Behavior Management

Hero K12 Uses Positive Reinforcement to Correct Bad Classroom Behaviors Early On

There are many different ways of dealing with a “bad” student who acts out in class. While some may suggest out-of-school suspension, others argue that such severe punishment sets misbehaving students on the school-to-prison pipeline.

Instead of punishing students, Hero K12 wants to recognize all students in a positive way — and help improve school culture in the process.

“When you take a kid out of the learning environment, it puts them on a path that says they’re a bad kid,” said Bryan Landaburu, head of marketing at Hero K12, in a recent interview at ISTE 2017. “Hero, on the other hand, is really designed as an early intervention system. It will help schools and districts intervene with students earlier when minor things happen, so that they don’t repetitively become major things.”

For example, instead of giving one student a detention for being late to class, Hero K12 recognizes all of the students who arrived to class on time by awarding them points. The points in turn become currency and can be redeemed for real prizes, like extra test time or a pizza party.

Furthermore, the platform features a leaderboard that shows who is earning the most points in class, which is meant to motivate students to reach their own behavior goals. Principals, teachers and students can set short- and long-term goals on the platform.

Any web enabled device can access the Hero platform, which works in most web browsers. Additionally, the cloud-based solution can be integrated into most student information systems and learning management systems.

Before Hero changed its name in 2014, the company was originally called PlascoTrac and worked as more of a straight discipline system, Landaburu explained. “We realized down our path that it made a lot more sense to help schools focus on the good things kids do. In other words, catch them being good, not catch them being bad all the time.”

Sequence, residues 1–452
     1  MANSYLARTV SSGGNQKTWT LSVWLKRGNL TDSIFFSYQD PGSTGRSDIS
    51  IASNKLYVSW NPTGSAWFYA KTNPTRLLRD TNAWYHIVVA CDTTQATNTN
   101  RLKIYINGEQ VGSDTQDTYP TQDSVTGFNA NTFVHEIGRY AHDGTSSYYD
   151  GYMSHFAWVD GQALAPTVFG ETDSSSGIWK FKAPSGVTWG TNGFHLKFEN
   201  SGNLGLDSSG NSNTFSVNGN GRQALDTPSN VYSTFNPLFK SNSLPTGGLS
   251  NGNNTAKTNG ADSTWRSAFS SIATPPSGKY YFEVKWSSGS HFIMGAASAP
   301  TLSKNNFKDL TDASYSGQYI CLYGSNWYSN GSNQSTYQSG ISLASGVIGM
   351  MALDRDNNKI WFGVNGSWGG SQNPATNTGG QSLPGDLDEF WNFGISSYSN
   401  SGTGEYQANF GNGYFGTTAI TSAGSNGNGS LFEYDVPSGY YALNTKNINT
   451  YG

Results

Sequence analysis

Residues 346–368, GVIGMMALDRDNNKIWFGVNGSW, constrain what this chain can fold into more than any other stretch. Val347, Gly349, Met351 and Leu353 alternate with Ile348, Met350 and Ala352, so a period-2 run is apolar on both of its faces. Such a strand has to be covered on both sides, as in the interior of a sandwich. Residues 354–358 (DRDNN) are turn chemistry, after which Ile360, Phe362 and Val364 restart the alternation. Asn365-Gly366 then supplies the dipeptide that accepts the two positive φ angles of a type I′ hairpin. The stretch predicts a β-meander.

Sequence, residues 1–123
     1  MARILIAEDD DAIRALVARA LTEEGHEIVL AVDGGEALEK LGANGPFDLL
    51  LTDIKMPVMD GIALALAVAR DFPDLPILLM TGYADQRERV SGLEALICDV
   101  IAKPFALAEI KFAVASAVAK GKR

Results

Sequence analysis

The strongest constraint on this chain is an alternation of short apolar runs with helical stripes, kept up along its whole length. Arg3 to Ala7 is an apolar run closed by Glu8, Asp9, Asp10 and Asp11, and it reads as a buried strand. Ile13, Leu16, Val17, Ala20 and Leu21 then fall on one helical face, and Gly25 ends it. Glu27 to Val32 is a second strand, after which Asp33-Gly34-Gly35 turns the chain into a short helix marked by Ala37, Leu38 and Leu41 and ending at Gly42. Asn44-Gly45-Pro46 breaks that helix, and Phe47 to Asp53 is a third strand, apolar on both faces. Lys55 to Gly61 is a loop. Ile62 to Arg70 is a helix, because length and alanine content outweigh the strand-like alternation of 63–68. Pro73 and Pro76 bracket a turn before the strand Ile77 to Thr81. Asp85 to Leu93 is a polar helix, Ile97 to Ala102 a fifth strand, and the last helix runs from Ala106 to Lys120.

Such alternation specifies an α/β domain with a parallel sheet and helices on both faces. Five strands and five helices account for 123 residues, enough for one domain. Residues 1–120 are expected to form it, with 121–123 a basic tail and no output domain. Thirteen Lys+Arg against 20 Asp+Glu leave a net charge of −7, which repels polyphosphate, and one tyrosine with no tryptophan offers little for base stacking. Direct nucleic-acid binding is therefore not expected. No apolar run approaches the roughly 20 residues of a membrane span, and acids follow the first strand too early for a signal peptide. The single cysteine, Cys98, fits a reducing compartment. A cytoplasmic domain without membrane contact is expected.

Now, the platform focuses on improving school culture by involving the three “heros” in schools: administrators, teachers and students. “It takes all three to drive a school climate,” said Hero K12 President Mark MacDonald, in a statement.

Hero is not available to individual teachers; entire schools or districts must purchase the platform. The goal is to create consistent classroom management policy across schools or districts, so that students will know exactly what is expected of them regardless of the class they are in at the moment.

Landaburu noted that the platform isn't trying to take autonomy away from teachers when it comes to managing their students’ classroom behavior. “What we help do is instill behaviors that the district wants its students to have, like teaching students to be good citizens and reinforcing to them that they’re on the right track.”

Hero is being used in thousands of schools across 43 states with more than 2.8 million students currently using the platform.

To learn more, watch the video below or visit the Hero K12 site.

About the Author

Sri Ravipati is Web producer for THE Journal and Campus Technology. She can be reached at sravipati@1105media.com.

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